Pedicab operators in the District started complaining of a police crackdown on their industry in the spring. Brian Graber, who's been operating a pedicab for three years now, says the U.S. Park Police force-- which has jurisdiction over the National Mall -- was enforcing rules before, but something has changed.
"This year, it started getting ferocious, if you will," Graber says. "I don't know what happened."
Oskar Mosco says he thought things would calm down once the National Park Service contract with Tourmobile ended in October, since many confrontations with police have centered on pedicabs picking up customers in designated Tourmobile pickup locations. But in the past couple of weeks, he says he's seen an increase in hostile attitudes from some officers.
"The same officers are coming up," he says. "We talk about getting badge numbers, to have some accountability."
The Park Police did not respond to requests for comment. The National Park Service has said it is drafting revised regulations for pedicab operation around the mall.
D.C. Delegate Eleanor Holmes Norton (D) is drafting a letter to the National Park Service this week, urging Park Service officials to involve pedicab operators as they formulate the plan.
Norton says tension between police and pedicab operators should be resolved with a simple sit-down meeting, but she also says revamping the transportation plan for the National Mall goes beyond resolving conflicts between pedicab operators, the Park Police and the Park Service.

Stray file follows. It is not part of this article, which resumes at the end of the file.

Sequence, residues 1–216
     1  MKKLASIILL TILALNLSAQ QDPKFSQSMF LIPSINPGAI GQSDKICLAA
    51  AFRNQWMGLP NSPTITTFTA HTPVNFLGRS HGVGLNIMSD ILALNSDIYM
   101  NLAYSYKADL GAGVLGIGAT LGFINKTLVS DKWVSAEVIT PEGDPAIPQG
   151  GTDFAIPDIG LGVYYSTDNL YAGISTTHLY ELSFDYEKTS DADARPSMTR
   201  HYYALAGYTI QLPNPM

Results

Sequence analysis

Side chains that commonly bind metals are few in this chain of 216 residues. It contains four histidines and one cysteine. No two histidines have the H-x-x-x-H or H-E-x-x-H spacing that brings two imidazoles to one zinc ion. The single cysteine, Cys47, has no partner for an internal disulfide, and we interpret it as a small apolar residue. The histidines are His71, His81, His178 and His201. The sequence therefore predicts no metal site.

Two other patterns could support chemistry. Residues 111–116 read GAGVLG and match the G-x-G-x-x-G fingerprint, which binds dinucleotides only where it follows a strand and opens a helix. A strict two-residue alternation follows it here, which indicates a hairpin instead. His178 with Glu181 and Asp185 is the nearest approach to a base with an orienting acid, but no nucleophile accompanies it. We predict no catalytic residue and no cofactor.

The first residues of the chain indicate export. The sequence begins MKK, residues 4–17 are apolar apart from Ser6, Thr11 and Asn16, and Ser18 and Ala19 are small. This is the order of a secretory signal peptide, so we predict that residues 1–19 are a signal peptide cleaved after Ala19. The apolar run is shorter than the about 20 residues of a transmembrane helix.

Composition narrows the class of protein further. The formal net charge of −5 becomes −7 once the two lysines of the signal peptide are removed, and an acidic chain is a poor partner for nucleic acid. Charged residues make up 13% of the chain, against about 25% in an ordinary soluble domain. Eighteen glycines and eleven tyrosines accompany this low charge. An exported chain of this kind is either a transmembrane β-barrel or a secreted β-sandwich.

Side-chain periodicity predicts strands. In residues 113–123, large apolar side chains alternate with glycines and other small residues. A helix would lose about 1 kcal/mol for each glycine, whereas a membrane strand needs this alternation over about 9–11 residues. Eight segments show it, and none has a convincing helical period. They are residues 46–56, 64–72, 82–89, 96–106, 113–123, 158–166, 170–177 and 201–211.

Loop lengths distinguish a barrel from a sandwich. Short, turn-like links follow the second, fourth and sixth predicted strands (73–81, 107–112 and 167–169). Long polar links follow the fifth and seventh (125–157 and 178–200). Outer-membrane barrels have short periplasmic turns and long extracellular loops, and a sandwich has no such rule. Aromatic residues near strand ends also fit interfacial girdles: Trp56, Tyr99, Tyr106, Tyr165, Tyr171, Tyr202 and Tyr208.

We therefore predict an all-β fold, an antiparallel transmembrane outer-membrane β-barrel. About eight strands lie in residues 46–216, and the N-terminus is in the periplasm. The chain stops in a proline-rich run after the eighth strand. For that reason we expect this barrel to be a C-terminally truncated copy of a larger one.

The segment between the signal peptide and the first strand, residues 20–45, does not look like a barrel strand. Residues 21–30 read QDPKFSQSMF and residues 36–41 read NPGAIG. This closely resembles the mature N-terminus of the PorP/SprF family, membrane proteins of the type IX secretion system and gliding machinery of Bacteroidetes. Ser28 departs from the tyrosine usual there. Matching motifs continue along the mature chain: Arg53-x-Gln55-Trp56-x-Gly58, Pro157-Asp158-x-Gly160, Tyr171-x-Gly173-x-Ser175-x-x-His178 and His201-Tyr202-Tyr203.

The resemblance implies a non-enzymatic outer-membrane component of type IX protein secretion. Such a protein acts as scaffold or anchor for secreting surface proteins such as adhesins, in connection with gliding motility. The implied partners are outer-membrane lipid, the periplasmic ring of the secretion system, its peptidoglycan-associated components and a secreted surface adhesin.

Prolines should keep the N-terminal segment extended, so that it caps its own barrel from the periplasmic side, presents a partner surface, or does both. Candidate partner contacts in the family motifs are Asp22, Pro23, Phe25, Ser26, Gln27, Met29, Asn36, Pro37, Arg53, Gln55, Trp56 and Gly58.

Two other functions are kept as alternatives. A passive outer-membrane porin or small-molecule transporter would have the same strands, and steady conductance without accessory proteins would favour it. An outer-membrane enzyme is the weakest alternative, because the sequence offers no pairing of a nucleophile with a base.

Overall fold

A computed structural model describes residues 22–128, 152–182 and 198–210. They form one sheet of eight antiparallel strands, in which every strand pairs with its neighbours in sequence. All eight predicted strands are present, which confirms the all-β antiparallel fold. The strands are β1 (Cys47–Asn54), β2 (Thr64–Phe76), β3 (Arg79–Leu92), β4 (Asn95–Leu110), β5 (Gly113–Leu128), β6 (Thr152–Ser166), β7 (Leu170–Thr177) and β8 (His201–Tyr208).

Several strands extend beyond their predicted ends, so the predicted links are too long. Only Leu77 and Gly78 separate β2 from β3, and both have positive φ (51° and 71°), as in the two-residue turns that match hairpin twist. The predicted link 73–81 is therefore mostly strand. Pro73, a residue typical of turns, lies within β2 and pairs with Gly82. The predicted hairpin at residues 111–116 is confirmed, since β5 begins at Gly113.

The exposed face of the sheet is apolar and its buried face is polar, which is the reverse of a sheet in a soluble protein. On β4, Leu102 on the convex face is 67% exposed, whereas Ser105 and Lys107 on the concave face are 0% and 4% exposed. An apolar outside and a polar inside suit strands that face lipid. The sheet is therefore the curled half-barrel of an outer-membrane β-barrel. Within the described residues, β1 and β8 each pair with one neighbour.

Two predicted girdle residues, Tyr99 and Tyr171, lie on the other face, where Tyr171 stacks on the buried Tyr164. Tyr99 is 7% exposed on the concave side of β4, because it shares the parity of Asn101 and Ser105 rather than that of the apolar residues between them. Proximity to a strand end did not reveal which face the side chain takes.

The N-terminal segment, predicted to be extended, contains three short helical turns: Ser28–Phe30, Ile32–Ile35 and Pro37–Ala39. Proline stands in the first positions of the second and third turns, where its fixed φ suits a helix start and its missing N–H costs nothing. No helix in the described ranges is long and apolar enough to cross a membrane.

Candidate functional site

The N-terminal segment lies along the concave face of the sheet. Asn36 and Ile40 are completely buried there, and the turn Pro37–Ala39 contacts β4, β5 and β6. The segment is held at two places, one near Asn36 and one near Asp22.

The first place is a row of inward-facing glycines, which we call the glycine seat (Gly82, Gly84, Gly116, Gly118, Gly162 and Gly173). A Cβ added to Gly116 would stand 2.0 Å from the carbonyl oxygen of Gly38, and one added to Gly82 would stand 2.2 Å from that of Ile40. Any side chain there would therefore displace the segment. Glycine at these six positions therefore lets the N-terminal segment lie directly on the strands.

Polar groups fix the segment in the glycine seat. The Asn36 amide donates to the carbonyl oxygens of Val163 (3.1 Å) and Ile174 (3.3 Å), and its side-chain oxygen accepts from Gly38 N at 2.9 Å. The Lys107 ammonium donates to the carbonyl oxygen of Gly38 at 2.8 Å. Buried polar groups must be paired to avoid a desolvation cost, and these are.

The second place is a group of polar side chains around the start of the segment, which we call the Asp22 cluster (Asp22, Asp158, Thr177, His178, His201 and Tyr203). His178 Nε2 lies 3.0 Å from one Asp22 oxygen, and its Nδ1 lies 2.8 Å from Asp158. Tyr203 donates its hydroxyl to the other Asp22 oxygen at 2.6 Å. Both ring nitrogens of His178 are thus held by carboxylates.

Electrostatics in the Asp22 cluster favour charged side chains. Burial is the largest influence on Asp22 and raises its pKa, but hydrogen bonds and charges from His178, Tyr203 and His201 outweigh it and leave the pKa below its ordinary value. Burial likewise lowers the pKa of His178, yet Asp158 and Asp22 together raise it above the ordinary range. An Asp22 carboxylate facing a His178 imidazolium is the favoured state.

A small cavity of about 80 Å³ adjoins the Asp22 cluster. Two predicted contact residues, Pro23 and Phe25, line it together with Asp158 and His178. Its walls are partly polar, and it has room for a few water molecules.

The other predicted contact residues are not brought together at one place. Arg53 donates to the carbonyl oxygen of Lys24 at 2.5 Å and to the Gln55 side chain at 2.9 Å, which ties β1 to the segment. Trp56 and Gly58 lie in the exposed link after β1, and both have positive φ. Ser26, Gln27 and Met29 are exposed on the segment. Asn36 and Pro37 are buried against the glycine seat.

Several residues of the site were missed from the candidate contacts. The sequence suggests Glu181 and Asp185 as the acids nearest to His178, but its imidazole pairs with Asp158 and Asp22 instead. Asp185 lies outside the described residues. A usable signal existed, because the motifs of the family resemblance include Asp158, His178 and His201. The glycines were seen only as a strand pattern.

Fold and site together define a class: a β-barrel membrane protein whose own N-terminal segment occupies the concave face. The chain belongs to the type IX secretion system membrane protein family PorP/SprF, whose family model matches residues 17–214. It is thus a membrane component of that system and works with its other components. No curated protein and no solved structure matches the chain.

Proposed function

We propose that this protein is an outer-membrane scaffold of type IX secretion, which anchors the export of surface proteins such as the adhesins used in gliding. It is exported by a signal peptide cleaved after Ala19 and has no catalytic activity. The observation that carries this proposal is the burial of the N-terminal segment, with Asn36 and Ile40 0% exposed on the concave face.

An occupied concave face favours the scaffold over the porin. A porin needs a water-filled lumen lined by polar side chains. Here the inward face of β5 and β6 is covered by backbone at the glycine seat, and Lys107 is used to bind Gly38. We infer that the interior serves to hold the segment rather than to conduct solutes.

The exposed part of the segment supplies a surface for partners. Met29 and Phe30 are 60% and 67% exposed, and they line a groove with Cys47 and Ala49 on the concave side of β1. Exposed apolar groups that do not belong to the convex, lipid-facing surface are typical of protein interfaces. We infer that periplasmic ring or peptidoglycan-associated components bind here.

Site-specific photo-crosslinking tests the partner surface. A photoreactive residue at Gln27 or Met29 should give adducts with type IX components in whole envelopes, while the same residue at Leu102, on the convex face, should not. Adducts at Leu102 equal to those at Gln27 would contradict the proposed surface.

"Are we going to have multi-modal, green transportation on the mall?" asks Norton. "Or are we going to have monopoly transportation? That's the kind of issue the public needs to weigh in on. I'm hoping the Park Service understands that."
Monday, July 18, 2011
(Washington, D.C. - WAMU) D.C. pedicab operators are once again calling attention to their treatment by the U.S. Park Police after they say one of their own was unfairly arrested and subdued with a Taser on the National Mall.
The pedicabbers say an officer with the U.S. Park Police confronted pedicab driver Charles Guillon, as he was picking up customers in his bicycle-drawn rickshaw Friday afternoon.
Tyler Clark, a law student driving a pedicab this summer, saw the whole thing.
"It was like an episode of Cops, where the officer screams, 'you're resisting arrest!' when it appeared like the guy wasn't resisting arrest," Clark said. "And the officer was just being way too forceful for anyone to comply with what he was asking them to do."